Population Research and Policy Review 19: 397–419, 2000.
© 2000 Kluwer Academic Publishers. Printed in the Netherlands.
The response of violent mortality to economic crisis in Russia
NATALIA S. GAVRILOVA
, VICTORIA G. SEMYONOVA
, GALINA N.
& LEONID A. GAVRILOV
Center on Aging, NORC/University of Chicago, Chicago, Illinois, USA;
Public Health Institute, Moscow, Russia
Abstract. From 1992 to 1994 life expectancy for Russian males dropped from 62.0 to 57.6
years. Female life expectancy dropped from 73.8 years to 71.2 years. This drop in life expect-
ancy coincided in time with the introduction of painful economic reforms in Russia, leading
to a rapid decrease in real wages and pensions, nearly complete loss of personal savings,
and a tremendous increase in the poverty rate. This article examines the temporary changes
in mortality for violent causes of death during the crisis period with a special emphasis on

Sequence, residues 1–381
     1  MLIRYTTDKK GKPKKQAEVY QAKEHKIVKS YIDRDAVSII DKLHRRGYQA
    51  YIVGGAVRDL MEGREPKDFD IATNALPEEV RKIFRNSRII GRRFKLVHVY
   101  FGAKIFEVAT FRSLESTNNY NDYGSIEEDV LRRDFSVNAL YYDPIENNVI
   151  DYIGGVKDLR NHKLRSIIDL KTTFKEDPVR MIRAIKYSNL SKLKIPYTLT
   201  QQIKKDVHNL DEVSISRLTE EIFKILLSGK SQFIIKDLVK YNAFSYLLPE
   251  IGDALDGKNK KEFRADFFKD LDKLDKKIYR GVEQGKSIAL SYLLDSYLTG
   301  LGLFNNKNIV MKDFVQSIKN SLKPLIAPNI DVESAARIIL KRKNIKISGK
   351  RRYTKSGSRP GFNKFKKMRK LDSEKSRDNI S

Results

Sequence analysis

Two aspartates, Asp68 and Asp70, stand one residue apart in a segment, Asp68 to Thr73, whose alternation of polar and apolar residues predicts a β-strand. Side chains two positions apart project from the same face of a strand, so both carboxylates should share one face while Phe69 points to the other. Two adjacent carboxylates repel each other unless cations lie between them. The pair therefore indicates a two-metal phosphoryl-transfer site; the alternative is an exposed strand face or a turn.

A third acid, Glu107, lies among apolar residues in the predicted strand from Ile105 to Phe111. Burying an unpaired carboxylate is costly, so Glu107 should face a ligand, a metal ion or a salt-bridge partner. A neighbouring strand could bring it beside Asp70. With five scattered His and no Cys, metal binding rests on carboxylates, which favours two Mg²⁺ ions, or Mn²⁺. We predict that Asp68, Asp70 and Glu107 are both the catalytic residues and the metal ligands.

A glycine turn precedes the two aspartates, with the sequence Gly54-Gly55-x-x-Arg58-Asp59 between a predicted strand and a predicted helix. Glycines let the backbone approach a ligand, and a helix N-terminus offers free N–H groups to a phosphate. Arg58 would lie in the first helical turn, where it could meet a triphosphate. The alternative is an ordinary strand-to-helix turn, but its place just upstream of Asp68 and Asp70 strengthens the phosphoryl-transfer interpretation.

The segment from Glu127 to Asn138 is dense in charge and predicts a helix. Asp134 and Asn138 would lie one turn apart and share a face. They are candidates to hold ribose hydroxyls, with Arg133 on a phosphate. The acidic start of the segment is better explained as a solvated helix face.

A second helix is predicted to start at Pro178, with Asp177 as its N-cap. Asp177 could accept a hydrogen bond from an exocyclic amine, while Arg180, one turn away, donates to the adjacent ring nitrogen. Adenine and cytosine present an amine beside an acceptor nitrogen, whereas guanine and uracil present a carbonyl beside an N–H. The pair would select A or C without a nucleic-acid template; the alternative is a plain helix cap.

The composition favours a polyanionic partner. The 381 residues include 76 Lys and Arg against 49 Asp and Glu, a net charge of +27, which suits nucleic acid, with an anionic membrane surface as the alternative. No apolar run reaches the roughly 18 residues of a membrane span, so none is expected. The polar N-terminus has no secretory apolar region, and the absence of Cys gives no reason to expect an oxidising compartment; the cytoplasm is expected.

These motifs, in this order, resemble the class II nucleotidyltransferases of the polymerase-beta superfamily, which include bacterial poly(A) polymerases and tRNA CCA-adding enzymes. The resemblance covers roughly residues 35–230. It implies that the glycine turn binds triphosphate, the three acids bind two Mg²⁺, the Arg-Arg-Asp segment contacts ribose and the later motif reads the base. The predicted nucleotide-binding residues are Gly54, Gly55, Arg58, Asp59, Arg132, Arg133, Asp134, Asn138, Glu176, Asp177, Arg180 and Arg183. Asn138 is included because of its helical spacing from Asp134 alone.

age-speciﬁc and gender-speciﬁc differences in the response to economic crisis.
Keywords: Mortality, Russia, Economic crisis, Violent mortality, Life expectancy, Injuries,
Homicide, Suicide, Alcohol poisoning
At the beginning of 1992, the Russian government started an economic ex-
periment known as ‘shock therapy’. Abolition of price control in a highly
monopolized economy resulted in soaring consumer prices, a rapid decrease
in real wages and pensions, a nearly complete loss of personal savings, and
a tremendous increase in the poverty rate. These adverse changes were fol-
lowed by an unprecedented upsurge in mortality which has no parallel in
modern history: female life expectancy dropped by 3 years and male life ex-
pectancy by more than 5 years within a three-year period (Vishnevsky 1998;
Notzon et al. 1998).
The main causes of death that contributed to this mortality upsurge
were diseases of the circulatory system and external/violent causes of death
(Notzon et al. 1998). Under violent causes of death we consider the ‘external
causes of accidents, injury and poisoning’ category as it is classiﬁed by the
International Classiﬁcation of Diseases (9th revision) on the basis of the ex-
ternal nature of the factor causing death. The term violent causes was applied
to the group of external causes of death in previous studies of Russian mor-
tality (Shkolnikov et al. 1996a, 1996b), and we adopt this convention in our
study for the sake of simplicity. So we do not discuss here the appropriateness